|Fermilab has been dealing with tremendous amounts of data for years using systems like these at the Grid Computing Center. Photo: Reidar Hahn|
With computing power and capabilities expanding and evolving at a rapid pace, the world has been producing exceedingly vast amounts of data. Annual worldwide computer use produces zettabytes of information – that’s a trillion gigabytes – and that figure is growing rapidly. The U.S. Office of Science and Technology Policy recently announced the Big Data Research and Development Initiative, aimed at making such enormous quantities of data more useful to researchers, businesses and policymakers.
“Data in and of itself isn’t very useful unless you have the tools to find it, read it, understand it, and make good use of it,” said Rob Roser, head of the Scientific Computing Division at Fermilab.
Since its founding, Fermilab has been working with large amounts of data. Over 30 petabytes of information, or 30 million gigabytes, are stored on robotic tape, and the laboratory is capable of transferring up to 100 gigabits per second over its network, said Ruth Pordes, associate head of the Computing Sector.
Dealing with that data is not an easy task.
“The one thing about big data is that it will kill you if you don’t handle it in a very automated fashion,” said Roser.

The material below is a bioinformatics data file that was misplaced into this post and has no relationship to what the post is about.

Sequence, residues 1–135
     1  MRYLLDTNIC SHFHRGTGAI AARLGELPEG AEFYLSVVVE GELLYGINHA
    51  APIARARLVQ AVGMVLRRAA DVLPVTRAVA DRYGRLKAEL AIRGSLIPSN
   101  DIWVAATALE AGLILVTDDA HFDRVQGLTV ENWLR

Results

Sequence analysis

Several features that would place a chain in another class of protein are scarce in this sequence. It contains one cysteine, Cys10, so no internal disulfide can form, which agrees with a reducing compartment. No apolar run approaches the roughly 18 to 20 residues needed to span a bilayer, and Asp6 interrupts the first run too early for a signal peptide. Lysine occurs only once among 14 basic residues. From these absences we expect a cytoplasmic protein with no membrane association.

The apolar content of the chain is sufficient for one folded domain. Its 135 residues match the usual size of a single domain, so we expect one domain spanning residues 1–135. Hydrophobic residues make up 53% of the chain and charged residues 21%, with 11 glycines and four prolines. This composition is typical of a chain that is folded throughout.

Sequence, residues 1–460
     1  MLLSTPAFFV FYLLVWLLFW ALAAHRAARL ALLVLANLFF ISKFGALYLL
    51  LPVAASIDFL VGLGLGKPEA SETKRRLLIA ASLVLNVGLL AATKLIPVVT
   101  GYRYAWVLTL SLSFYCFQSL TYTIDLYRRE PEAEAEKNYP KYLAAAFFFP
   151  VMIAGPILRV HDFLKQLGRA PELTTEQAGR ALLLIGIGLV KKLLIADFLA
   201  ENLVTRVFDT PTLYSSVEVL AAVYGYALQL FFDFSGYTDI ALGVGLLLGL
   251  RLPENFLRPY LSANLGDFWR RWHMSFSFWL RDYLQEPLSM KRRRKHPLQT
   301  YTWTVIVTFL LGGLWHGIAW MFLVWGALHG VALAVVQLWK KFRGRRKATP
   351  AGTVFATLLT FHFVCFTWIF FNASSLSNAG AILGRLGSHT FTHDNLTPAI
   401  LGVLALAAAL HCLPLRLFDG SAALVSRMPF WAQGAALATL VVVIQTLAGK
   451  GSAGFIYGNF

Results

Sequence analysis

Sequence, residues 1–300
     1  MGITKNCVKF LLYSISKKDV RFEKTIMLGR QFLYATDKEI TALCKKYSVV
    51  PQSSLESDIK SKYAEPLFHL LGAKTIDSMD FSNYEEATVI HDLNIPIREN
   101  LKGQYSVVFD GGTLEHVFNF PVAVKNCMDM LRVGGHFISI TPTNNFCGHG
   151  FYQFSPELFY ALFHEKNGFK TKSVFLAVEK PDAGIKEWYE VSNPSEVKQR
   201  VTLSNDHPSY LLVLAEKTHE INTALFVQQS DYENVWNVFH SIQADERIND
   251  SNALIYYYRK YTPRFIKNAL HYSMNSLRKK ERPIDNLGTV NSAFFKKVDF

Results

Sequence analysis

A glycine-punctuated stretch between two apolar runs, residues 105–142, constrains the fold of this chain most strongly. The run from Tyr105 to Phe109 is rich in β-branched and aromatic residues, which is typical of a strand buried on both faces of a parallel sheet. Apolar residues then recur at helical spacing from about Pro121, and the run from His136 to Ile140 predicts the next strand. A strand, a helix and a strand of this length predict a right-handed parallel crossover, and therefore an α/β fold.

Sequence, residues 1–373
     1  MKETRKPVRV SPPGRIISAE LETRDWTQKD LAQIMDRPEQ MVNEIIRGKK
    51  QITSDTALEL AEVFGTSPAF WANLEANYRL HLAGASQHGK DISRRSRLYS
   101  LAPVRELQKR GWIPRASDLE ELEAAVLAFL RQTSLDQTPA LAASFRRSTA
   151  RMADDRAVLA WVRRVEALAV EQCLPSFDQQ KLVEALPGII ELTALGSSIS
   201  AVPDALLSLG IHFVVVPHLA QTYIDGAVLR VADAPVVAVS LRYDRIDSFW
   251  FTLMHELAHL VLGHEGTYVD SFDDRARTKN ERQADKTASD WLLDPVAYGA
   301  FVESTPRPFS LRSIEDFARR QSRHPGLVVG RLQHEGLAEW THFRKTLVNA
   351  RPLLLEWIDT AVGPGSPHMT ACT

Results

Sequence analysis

Most data is immediately useful to scientists in developing trends and determining patterns, but the exceptions to those trends are often the most important pieces. Those outliers have to be looked at on a case-by-case basis, difficult to achieve with the vast amounts of data involved Roser said.
Managing big data is nearly impossible without something known in computing circles as triggering, a process that helps determine what data is sufficiently valuable to keep. At the Tevatron, scientists developed sophisticated algorithms to decide in real time which few hundred of the two million proton-anti-proton collisions each second could safely be discarded without missing a discovery.
“One of our goals is to democratize the availability of the data,” said Lothar Bauerdick, U.S. Compact Muon Solenoid software and computing manager. “The data could be studied by everyone, not just scientists.” Roser added that one issue is to preserve data and analysis capability for the future.
Fermilab plans to expand its data capabilities by connecting this summer to advanced 100-gigabit network.
“When it comes to Big Data, Fermilab is already in, and will be continuing to grow, in this space,” said Fermilab CIO Vicky White. “We are definitely looking forward to continuing our contributions as part of this national priority.”